Factbox: China's mRNA COVID vaccine candidates

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A medical worker collects a swab sample from a resident at a makeshift nucleic acid testing site at a residential compound, following new confirmed cases of the coronavirus disease (COVID-19), in Beijing, China January 24, 2022. REUTERS/Tingshu Wang

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BEIJING/SHANGHAI, Feb 28 (Reuters) - China has spent over a year developing Pfizer-type COVID-19 vaccines that may even help it pivot from stringent "zero-COVID" restrictions, but a changed market and the Omicron variant have muddied prospects before efficacy data has even been published. read more

Two foreign COVID-19 vaccines using the novel mRNA technology, one from U.S. Biotech Moderna Inc (MRNA.O) and the other from U.S.-German duo Pfizer Inc (PFE.N) and BioNTech SE , showed better efficacy in preventing symptomatic cases than the most-used Chinese shots based on other technologies in pre-Omicron clinical trials.

Below are the major mRNA COVID-19 vaccine candidates in China.

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FRONT-RUNNER ARCoV

The only candidate being tested in large-scale Phase III clinical trials is the two-dose ARCoV from the Academy of Military Medical Sciences (AMMS), Suzhou Abogen Biosciences Co Ltd and Walvax Biotechnology Co Ltd (300142.SZ).

Walvax in August obtained approval for trials in Indonesia and Mexico, with efficacy results yet to be released. It said in February it has postponed a trial in Nepal after largely finishing the recruitment of overseas Phase III participants.

Vice Chairman Huang Zhen in January said Walvax was working to identify COVID-19 infections among trial participants. He also said Walvax has the annual capacity to make 400 million doses in bulk form, and intended to increase that capacity.

Walvax is also trialling ARCoV in China as a booster for those who have had received certain non-mRNA vaccines.

In February, a small study showed ARCoV's neutralising antibody activity against the Omicron variant was much weaker than against a strain with no major mutation. A booster shot readily induced antibody production in animal tests. read more

Two altered versions of ARCoV targeting Omicron induced antibody levels comparable to those elicited by the original ARCoV in animal tests.

The U.S. Commerce Department in December added AMMS to a trade blacklist that restricts its access to U.S. exports. It is unclear whether that will impact ARCoV's development.

HOW DOES ARCOV DIFFER?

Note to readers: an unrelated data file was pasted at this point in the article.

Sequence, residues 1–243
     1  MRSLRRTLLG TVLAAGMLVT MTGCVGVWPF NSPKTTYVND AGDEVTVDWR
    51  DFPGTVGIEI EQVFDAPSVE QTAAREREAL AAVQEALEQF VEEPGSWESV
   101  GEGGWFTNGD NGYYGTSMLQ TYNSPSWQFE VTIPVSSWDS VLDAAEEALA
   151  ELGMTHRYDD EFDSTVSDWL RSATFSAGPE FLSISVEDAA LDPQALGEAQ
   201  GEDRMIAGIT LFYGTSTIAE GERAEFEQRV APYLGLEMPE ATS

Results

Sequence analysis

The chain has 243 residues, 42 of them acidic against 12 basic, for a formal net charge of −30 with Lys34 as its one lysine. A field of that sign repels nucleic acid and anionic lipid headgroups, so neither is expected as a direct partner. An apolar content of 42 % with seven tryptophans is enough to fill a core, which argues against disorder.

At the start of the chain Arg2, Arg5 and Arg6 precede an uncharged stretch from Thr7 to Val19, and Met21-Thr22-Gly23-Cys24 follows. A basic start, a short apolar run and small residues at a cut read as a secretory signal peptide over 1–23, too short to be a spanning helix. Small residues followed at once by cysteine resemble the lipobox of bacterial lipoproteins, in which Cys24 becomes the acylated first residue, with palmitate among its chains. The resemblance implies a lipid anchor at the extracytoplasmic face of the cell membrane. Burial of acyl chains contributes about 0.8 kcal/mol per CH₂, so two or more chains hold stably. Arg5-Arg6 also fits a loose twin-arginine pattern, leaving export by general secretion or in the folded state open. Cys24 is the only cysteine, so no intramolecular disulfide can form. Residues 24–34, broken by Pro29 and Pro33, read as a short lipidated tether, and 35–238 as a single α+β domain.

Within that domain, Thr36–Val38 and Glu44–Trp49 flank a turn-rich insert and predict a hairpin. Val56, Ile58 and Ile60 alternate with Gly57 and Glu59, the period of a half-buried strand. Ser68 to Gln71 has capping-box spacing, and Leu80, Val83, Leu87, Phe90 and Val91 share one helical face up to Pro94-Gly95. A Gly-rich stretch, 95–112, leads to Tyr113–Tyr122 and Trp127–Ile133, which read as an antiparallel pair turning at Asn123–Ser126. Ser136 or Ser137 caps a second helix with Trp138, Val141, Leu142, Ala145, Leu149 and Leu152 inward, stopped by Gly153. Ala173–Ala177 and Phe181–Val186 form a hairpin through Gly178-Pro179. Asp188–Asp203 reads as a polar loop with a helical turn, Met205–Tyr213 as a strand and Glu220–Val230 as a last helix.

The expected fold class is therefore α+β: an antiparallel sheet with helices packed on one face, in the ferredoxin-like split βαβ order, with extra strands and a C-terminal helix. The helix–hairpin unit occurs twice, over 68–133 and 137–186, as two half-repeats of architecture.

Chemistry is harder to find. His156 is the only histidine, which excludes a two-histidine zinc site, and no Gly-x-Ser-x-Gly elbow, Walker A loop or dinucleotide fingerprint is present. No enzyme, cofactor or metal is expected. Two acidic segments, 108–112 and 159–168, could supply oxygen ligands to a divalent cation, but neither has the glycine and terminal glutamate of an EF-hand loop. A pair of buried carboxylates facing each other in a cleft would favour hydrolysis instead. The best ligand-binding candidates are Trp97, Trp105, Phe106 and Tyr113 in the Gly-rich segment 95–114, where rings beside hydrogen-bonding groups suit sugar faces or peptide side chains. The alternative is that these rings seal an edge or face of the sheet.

ARCoV has many differences from Moderna and Pfizer/BioNTech vaccines. For example, the Western shots instruct the human body to produce antigens mimicking the coronavirus' spike protein, while ARCoV targets just a specific part of the protein.

Chinese researchers said ARCoV can remain stable at 2-8°C for at least six months. The Pfizer/BioNTech vaccine for those aged 12-plus is approved for storage also at 2-8°C but for only a month.

Moderna's vaccine can also be stored at the same temperature for about a month, and the developer in April said data showed it could be stable for up to three months.

OTHER CHINESE MRNA CANDIDATES AGAINST COVID-19

Stemirna Therapeutics Co Ltd has a candidate designed to target the Delta variant in a mid-stage clinical trial in Laos. It is applying for trials of an updated version that it said showed early promise against variants such as Omicron.

Guangzhou RiboBio Co Ltd began an early stage clinical trial in China in January.

AIM Vaccine Co Ltd in January said its candidate appears safe and able to trigger an immune response based on data from an early-stage Phase I trial. It has not formally published its findings.

RNACure has partnered Walvax to develop mRNA vaccines targeting variants. It said in January it was applying for clinical trials for a candidate that showed broad-spectrum protection against variants in animal tests.

Sinopharm and CanSino Biologics Inc (6185.HK) have said they were working on mRNA COVID-19 vaccines. Sinopharm unit China National Biotec Group Co Ltd said it has designed an mRNA candidate targeting the Omicron variant.

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Reporting by Roxanne Liu in Beijing and David Stanway in Shanghai; Editing by Miyoung Kim and Christopher Cushing

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